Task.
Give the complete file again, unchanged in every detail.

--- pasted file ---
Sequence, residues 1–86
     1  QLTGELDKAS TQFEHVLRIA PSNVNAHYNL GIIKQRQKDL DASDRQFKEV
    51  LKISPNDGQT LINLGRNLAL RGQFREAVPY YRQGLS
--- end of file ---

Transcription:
Sequence, residues 1–86
     1  QLTGELDKAS TQFEHVLRIA PSNVNAHYNL GIIKQRQKDL DASDRQFKEV
    51  LKISPNDGQT LINLGRNLAL RGQFREAVPY YRQGLS